So who’s more concerned about truth again?

  • just one more thing

    I was thinking about this very topic this morning. We often talk about the scientific method and how results can be replicated. Are we getting into a branch of science where it’s so expensive to participate that we have to redefine our concept of reproducing results?

    Obviously we aren’t going to build a dozen LHCs and run the experiments in them, so as our experiments require even more expensive and unique equipment, do we lose anything by accepting the evidence of multiple teams reproducing experiments using the same equipment? Obviously that addresses human error and fraud, but are we then more susceptible to systemic error? How do we control for that if we only build one of some new scientific tool in the future?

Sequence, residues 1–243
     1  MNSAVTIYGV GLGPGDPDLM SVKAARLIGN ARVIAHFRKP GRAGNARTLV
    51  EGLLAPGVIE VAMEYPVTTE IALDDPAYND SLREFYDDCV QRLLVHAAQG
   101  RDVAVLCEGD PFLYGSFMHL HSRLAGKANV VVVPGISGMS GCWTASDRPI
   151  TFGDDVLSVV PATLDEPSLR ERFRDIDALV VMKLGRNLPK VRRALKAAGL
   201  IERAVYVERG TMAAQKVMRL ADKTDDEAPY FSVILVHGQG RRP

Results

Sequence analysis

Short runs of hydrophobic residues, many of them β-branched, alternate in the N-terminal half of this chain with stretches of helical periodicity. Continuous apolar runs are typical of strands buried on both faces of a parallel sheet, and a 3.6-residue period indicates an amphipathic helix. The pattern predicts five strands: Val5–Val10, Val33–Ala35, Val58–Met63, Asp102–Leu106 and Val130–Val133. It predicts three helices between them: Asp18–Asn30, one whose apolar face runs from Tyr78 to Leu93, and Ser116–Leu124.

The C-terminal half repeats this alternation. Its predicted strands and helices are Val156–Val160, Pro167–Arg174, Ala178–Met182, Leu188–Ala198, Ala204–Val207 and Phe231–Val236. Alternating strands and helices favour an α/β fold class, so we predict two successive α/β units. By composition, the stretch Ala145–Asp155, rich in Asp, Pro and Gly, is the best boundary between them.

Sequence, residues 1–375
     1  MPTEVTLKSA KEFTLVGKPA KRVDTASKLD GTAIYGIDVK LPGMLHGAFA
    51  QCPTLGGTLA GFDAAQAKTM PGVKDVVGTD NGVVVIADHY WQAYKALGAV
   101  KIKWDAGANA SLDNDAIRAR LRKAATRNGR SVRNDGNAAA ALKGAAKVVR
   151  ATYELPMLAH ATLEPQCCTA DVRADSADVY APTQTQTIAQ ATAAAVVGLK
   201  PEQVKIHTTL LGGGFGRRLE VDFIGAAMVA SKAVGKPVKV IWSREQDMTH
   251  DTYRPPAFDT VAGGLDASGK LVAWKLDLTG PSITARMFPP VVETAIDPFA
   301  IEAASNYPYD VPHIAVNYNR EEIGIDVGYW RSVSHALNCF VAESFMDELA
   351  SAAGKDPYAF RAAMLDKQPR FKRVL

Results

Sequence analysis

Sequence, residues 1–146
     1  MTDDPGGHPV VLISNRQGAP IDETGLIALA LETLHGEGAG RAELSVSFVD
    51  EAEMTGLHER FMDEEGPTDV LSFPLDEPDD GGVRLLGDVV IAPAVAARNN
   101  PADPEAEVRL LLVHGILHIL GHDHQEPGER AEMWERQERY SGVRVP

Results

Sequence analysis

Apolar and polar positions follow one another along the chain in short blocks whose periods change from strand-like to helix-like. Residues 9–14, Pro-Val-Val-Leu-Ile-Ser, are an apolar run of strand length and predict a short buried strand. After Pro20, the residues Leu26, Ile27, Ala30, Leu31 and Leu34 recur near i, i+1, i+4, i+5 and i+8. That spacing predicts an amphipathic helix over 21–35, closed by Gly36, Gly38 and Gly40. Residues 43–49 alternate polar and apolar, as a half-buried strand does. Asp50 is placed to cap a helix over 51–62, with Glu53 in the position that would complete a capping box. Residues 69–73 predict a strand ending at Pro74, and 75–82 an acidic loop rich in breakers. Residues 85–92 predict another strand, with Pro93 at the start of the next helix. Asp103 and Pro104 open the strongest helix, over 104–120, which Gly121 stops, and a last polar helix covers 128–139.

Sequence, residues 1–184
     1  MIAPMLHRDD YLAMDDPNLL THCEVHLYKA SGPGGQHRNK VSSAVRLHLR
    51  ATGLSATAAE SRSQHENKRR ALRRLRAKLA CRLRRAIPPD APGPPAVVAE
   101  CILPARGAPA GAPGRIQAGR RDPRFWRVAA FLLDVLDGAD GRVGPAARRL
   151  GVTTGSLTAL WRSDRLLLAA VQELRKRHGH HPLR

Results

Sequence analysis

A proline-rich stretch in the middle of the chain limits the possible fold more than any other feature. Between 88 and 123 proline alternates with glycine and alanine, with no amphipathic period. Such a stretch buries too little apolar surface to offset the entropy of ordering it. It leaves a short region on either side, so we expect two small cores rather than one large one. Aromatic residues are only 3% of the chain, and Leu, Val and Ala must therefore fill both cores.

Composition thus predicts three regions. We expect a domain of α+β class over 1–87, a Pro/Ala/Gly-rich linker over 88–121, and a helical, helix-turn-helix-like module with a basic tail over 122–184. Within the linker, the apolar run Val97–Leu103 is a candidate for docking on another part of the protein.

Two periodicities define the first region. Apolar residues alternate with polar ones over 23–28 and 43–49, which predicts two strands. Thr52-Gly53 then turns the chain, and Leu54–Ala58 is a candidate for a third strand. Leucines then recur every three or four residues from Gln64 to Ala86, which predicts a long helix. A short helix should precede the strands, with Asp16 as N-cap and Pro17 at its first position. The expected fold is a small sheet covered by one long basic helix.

Now in reading this post, I began to wonder how we describe Peter Higgs’ continued belief in his theory in spite of many decades of no evidence without using some term similar to faith. When Hawking bets against you, and experiment after experiment comes back with no hint of evidence, that’s a fierce tenacity that keeps someone believing in his theory.

    All that said, I’m very happy that this has happened and hope a Nobel Prize is in the cards for Higgs.

    • Rob

      I believe in this case the concern has been addressed by getting different teams to design complimentary experiments, each intended to identify the Higgs Boson using a different mechanism. Each team must perform its analysis blind of the other teams and must be confident of having identified the HB to within 5 sigma (i.e. certain to within 5 standard deviations).